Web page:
This is far more focused, it’s not flat damage so there’s that potential to roll higher, it does however require a saving throw. So at the very least at level three for the storm aura, i feel inclined to say the desert is a little bit better than the sea. Although a friendly fire is an issue with desert it’s really not with sea. So i don’t know take it with a grain of salt moving on to tundra now.
When this effect is activated, each creature of your choice in your aura gains 2 temporary hit points. As icy spirits inure it to suffering. The temporary hit points increase when you reach certain levels in this class, increasing to 3 at 5th level, 4 at 10th level, 5 at 15th level, and 6 at 20th level.
It really is an interesting ability thinking about it. It’s not super common to have barbarians that have any real meaningful focus on support. Does tundra you know maybe to some extent especially at early levels, you can treat like damage reduction which is really nice when starting out the game and really with the exception of the path of the ancestral guardians
There aren’t a lot of barbarian abilities in 5E that are remotely support. So it’s kind of nice for that regards. Now let’s move on to storm soul.
Starting at 6th level your aura bends the world around you. The storm grants you benefits even when your aura isn’t active. The benefits are based on the environment you chose for your storm aura.
Once again everything kind of hinges on that you can change it up as you level. This is really just worth reading ahead, that’s the long and short of this subclass. Now let’s get into the individual examples and what they do.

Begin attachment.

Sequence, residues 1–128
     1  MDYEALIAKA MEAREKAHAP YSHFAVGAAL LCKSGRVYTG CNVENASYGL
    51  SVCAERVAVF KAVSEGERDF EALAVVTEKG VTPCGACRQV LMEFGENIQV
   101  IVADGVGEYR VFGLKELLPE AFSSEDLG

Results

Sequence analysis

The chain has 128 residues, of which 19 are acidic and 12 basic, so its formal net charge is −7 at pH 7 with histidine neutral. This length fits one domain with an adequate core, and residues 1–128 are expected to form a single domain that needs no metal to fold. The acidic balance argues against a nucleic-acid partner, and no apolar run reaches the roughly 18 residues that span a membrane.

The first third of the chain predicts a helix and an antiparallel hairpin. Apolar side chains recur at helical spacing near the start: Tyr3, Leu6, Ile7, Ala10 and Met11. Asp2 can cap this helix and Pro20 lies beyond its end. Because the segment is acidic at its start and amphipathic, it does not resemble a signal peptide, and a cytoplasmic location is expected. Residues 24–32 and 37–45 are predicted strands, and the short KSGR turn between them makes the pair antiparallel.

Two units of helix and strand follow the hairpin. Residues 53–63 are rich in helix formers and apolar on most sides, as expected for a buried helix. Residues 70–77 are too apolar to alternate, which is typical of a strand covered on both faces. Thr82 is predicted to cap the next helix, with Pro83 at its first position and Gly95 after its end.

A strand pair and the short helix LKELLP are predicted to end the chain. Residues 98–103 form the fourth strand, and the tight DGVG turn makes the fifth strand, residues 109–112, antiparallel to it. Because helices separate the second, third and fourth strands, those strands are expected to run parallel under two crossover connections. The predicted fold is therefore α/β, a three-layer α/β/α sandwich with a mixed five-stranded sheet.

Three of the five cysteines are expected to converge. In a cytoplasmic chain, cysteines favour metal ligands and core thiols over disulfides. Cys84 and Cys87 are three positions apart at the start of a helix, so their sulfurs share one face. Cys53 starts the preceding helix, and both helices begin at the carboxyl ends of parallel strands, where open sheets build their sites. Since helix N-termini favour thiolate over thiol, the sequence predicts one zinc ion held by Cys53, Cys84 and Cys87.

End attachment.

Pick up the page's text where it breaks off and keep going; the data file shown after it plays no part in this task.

For desert you gain resistance to fire damage and you don’t suffer the effects of extreme heat. Moreover, as an action, you can touch a flammable object that isn’t being worn or carried by anyone else and set it on fire.
This is kind of what i was talking about at the very beginning of this article, i’d haven’t seen any games outside of adventures league where extreme heat and extreme cold even factor in and even to say they happened in adventures league is kind of only half true. I’m the only DM i’m aware of that routinely uess them and i’ve written enough of the one shots for the adventurous league in my area or at the very least co-written enough of them where they are included in there.
But i feel like if i didn’t do that like legitimately no one would use them. I might be kind of blowing that out of proportion a little bit but it’s honestly how i feel. If you’re not super familiar extreme heat and extreme cold they impose a levels of exhaustion on characters and they’re tucked away in the DMG in chapter 5. Once again i don’t they’re kind of just pushed out to the side so i see why a lot of people overlook them, but it is a thing.
So for extreme heat when the temparature is at or above 100 degrees fahrenheit, a creature exposed to the heat without access to drinkable water must succeed on a constitution saving throughout the end of each hour or gain one level of exhaustion. The DC is a five for the first hour and increases by one for each additional hour. Creatures wearing medium or heavy armor or who are clad in heavy clothing have disadvantage on the saving throw.
Creatures with resistance or immunity to fire automatically succeed on the saving throw as do creatures naturally adapted to hot climates. Needless to say, unless you’re in desert campaigns it’s not really going to come up. But if you are in desert campaigns it’s something you should be very familiar with as a DM or even as a payer. Now let’s move on to sea.